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story.lead_photo.caption Freddie Mac reported little change this week for long-term mortgage rates on properties such as this home in Surfside, Fla., shown in April.

After more than a month of declines, mortgage rates paused their descent ahead of next week's Federal Reserve meeting.

According to the latest data released Thursday by Freddie Mac, the 30-year fixed-rate average was unchanged at 3.82% with an average 0.6 point. (Points are fees paid to a lender equal to 1% of the loan amount and are in addition to the interest rate.) It was 4.62% a year ago.

The 15-year fixed-rate average dipped to 3.26% with an average 0.5 point. It was 3.28% a week ago and 4.07% a year ago. The five-year adjustable-rate average slipped to 3.51% with an average 0.4 point. It was 3.52% a week ago and 3.83% a year ago.

"Mortgage rates were flat this week, remaining near their lowest levels in more than a year as some uncertainty surrounding trade tensions appeared to ease," said Matthew Speakman, a Zillow economist. "But the near-zero net change does not do justice to the bumpy ride rates took over the past seven days. Friday's underwhelming jobs report sent rates skidding lower, continuing their weeks-long downward trajectory towards long-term lows."

Freddie Mac -- the Federal Home Loan Mortgage Corp. -- surveys lenders across the country between Monday and Wednesday each week to compile its mortgage-rate figures.

A reprieve for nervous stock-market investors came this week in the U.S. dispute with Mexico, as the two sides reached a truce Friday after Mexico agreed to do more to stop the flow of Central American migrants into the U.S. By Monday, however, President Donald Trump was again threatening to impose tariffs on Mexican exports if Mexico didn't abide by an unspecified commitment "to be revealed in the not-too-distant future."

The U.S. trade battle with China also continues to fester. The retaliatory tariffs threaten to stifle economic growth in the U.S. and around the world. Investors have been mostly fleeing to safer investments, such as bonds and gold, because of the uncertainty around trade negotiations.

The yield on the 10-year Treasury, which started the month at 2.07%, rose to 2.15% on Monday but pulled back to 2.13% on Tuesday. Mortgage rates are closely tied to the movement of long-term bond yields.

"Bond markets remain attuned to the fact that mounting risks to the global economic outlook -- specifically the enduring trade tensions between China and the U.S., Brexit and low expectations for the pace of inflation -- may motivate the Federal Reserve to cut the federal funds rate at least once this calendar year," Speakman said. "As a result, it's unlikely that major rate movements will occur ahead of next week's [Federal Open Market Committee] meeting, though Friday's retail sales data release could move the market if it shows some surprising results."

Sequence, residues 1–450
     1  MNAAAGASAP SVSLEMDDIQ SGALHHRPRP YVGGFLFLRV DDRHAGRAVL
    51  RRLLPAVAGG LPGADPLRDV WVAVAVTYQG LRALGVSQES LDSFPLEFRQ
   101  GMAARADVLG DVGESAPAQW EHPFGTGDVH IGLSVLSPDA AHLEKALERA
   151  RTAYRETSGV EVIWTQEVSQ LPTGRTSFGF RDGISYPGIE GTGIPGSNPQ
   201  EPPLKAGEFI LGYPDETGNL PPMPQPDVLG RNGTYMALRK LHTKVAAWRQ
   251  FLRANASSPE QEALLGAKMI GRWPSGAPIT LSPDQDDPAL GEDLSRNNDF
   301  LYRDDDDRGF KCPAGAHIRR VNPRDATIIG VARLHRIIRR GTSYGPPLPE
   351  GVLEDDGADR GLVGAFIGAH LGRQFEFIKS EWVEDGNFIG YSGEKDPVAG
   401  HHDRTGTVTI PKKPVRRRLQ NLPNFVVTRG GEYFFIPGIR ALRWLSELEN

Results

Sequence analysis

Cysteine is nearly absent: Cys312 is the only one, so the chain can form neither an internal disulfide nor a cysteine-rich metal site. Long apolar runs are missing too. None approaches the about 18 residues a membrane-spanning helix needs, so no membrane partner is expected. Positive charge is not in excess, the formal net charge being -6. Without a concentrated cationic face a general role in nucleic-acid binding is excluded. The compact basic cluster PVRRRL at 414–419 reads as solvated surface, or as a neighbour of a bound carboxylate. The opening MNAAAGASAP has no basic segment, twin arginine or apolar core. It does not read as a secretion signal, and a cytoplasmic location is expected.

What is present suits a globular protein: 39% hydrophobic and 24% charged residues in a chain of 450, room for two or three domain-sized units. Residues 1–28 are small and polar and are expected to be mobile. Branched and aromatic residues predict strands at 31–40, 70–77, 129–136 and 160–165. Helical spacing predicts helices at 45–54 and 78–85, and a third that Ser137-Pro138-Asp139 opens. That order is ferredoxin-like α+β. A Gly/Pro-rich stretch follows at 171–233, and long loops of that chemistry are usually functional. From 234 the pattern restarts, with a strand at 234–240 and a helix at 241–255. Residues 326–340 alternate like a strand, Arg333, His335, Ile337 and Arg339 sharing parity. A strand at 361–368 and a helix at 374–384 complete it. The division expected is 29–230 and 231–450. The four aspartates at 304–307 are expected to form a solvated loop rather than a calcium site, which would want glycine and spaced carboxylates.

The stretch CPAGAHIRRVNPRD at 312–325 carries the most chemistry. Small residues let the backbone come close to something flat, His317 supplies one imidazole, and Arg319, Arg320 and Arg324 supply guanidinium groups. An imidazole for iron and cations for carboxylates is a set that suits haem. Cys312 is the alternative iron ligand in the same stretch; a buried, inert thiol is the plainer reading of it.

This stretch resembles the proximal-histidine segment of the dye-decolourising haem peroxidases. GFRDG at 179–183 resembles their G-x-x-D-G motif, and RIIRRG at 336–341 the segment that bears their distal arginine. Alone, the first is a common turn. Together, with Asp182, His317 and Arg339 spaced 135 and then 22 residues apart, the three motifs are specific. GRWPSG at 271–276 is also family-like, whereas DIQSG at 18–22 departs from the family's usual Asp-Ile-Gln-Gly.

Bankrate.com, which puts out a weekly mortgage rate trend index, found that experts it surveyed were divided on where rates were headed.

Shashank Shekhar, chief executive officer of Arcus Lending in San Jose, Calif., predicts rates will continue to fall.

"With lower inflation numbers and even talk about Fed cutting rates later this year, mortgage bonds will continue to get a boost," he said. "Expect the rates to trend lower this week, albeit not significantly."

But Elizabeth Rose, a certified mortgage planning specialist at AmCap Home Loans in Plano, Texas, expects rates to hold steady.

"Trade talks continue to influence the markets," Rose said. "In addition, inflation continues to remain tame, which is good for mortgage rates. However, this recent rally has slowed and could come to an end soon. Mortgage bonds are in a range that could keep mortgage rates relatively unchanged for the coming week."

LendingTree's recent mortgage comparison shopping report found that nearly 54% of purchase borrowers received a mortgage rate of less than 4.25%.

Meanwhile, low rates fueled a spike in mortgage applications. According to the latest data from the Mortgage Bankers Association, the market composite index -- a measure of total loan application volume -- increased 26.8% from a week earlier. The refinance index shot up 47% from the previous week to its highest level since 2016. The purchase index jumped 10%.

The refinance share of mortgage activity accounted for 49.8% of all applications.

"Mortgage applications surged last week, with refinance and purchase activity both showing impressive weekly and year-over-year gains," said Bob Broeksmit, association president and CEO. "Rates are now considerably lower than they were a year ago and are increasing the purchasing power for this summer's prospective homebuyers. This is good news, considering that low supply levels -- especially for first-time buyers -- are still putting upward pressure on home prices and overall affordability."

The association also released its mortgage credit availability index this week that showed credit availability increased in May. The index rose 1.9% to 189.5 last month. An increase in the index indicates that lending standards are loosening, while a decrease signals they are tightening.

"Credit supply increased 2% in May, driven by the fifth straight gain in the jumbo index, which was up 7% and surpassed last month as the new all-time survey high," Joel Kan, an association economist, said in a statement. "The conventional index continues to grow, while the government index has generally been lower this year. Government credit supply continues to decline since peaking in 2017, as there are fewer streamlined refinance programs being offered."

Information for this article was contributed by Kathy Orton of The Washington Post and by staff of The Associated Press.

Business on 06/14/2019

Print Headline: Mortgage rates flat after swoon

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